Petroleum is used to power homes, cars, and businesses; but where did it come from?
Natural gas and oil make up petroleum. The word petroleum means “rock oil” in Latin. Petroleum is a fossil fuel made naturally from (prehistoric) decaying plants and animal remains. Petroleum is a mixture of different molecules, including hydrogen and carbon that exist as liquid or vapor. It can be found in offshore wells, deep seas, and caves.
Petroleum is generated over millions of years. For petroleum generation or production to occur, organic matter like dead plants or animals must accumulate in large numbers. This organic matter will then be deposited along with sediments (rocks). Sediments and organic material that are now formed as source rocks will be buried in the absence of oxygen. Without oxygen, the organic material in the source rock will be transformed into petroleum. Source rocks like shale or limestone are an excellent source of petroleum.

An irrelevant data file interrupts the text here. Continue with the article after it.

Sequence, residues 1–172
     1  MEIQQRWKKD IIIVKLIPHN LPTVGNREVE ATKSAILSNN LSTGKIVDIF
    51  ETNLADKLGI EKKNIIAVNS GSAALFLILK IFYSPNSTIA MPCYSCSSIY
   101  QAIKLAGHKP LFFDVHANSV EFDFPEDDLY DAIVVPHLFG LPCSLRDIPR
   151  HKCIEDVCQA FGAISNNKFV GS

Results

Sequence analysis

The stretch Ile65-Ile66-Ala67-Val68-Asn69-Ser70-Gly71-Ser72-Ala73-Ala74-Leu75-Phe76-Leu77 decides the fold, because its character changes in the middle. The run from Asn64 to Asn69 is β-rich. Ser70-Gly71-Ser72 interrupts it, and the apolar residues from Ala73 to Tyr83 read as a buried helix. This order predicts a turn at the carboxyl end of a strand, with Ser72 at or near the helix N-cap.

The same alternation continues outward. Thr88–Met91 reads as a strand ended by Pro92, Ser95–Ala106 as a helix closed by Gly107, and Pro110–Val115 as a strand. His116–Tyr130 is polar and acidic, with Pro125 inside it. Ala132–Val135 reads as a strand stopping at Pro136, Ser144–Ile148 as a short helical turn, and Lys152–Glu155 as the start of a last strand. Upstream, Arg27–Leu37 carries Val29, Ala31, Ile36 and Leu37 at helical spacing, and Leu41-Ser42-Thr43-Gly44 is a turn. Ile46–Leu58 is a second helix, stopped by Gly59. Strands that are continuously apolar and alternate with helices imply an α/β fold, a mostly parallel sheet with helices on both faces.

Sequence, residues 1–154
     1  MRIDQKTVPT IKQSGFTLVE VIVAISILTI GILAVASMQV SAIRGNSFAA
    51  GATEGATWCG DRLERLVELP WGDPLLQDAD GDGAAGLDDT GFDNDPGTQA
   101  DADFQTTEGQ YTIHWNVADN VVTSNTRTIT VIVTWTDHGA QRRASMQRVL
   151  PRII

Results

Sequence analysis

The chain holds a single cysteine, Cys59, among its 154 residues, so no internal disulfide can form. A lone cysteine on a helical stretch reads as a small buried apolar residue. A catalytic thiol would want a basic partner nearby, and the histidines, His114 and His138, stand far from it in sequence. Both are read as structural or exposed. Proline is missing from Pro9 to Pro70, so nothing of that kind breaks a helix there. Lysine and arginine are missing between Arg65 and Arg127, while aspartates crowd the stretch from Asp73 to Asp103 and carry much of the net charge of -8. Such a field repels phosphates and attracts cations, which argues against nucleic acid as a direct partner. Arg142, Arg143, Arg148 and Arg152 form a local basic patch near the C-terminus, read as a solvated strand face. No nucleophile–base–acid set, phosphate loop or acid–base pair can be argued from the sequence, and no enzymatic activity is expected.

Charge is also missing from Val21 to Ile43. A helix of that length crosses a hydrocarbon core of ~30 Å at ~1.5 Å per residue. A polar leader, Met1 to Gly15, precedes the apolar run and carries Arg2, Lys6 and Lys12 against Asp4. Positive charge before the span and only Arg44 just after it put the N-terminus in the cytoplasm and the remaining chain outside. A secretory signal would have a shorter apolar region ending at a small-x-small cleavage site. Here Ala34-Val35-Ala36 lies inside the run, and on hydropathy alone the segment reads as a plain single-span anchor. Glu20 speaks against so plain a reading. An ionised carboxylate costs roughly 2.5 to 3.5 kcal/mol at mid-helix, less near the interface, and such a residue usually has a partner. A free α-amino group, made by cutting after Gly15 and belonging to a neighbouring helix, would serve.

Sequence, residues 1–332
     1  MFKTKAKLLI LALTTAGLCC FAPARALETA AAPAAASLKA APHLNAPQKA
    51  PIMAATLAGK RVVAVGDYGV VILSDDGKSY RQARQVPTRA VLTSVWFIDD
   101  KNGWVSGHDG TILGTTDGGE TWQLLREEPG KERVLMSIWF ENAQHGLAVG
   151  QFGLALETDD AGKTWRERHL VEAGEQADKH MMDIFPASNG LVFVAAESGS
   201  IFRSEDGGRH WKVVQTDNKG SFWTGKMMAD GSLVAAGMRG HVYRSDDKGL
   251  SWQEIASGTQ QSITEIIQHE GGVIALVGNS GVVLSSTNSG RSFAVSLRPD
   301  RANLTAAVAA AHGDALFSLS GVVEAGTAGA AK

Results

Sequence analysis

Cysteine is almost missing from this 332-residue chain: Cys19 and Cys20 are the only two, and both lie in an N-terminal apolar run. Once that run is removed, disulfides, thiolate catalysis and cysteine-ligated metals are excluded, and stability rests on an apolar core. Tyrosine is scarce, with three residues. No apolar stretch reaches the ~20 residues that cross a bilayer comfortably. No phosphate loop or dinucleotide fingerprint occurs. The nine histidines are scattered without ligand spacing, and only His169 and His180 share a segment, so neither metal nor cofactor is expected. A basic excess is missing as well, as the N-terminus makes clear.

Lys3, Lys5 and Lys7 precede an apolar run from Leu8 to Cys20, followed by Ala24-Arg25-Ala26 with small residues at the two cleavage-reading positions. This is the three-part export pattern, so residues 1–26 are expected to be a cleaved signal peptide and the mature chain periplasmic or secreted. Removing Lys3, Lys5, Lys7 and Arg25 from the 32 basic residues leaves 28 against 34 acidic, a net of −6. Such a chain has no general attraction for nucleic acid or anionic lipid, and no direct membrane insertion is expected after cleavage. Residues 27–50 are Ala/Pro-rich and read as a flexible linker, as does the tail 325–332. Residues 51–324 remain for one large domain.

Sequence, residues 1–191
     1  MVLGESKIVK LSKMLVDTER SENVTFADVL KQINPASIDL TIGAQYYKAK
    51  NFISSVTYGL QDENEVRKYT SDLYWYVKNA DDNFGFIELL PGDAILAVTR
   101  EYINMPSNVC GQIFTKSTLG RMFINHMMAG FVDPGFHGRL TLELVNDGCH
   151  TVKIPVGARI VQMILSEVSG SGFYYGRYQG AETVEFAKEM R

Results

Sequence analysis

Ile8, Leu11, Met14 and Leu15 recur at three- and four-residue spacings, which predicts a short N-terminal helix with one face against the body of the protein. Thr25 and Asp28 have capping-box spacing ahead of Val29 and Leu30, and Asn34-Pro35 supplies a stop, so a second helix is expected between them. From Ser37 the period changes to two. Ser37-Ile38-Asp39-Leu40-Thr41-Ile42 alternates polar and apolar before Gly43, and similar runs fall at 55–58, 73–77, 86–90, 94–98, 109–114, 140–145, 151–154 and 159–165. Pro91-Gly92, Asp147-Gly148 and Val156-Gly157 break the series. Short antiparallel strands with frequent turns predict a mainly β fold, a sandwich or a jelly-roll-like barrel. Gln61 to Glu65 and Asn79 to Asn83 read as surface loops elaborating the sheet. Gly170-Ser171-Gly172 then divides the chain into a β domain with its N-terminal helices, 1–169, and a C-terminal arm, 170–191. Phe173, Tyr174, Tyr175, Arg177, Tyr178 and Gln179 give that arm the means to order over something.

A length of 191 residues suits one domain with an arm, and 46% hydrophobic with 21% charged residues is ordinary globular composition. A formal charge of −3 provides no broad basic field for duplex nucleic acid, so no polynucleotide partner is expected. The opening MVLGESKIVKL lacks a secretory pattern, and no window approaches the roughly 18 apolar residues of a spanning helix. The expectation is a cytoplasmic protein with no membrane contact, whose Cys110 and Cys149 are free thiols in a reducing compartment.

Natural gas is found next to or near petroleum. The oil is then transported for fuel distillery. There are technologies used to liquefy natural gas so it can be transported in tanks. There are more than 100 countries that produce both oil and natural gas. Technologies that help find sources of petroleum are now advanced. There are still oil and gas reserves to be discovered—in deeper basins and remote areas.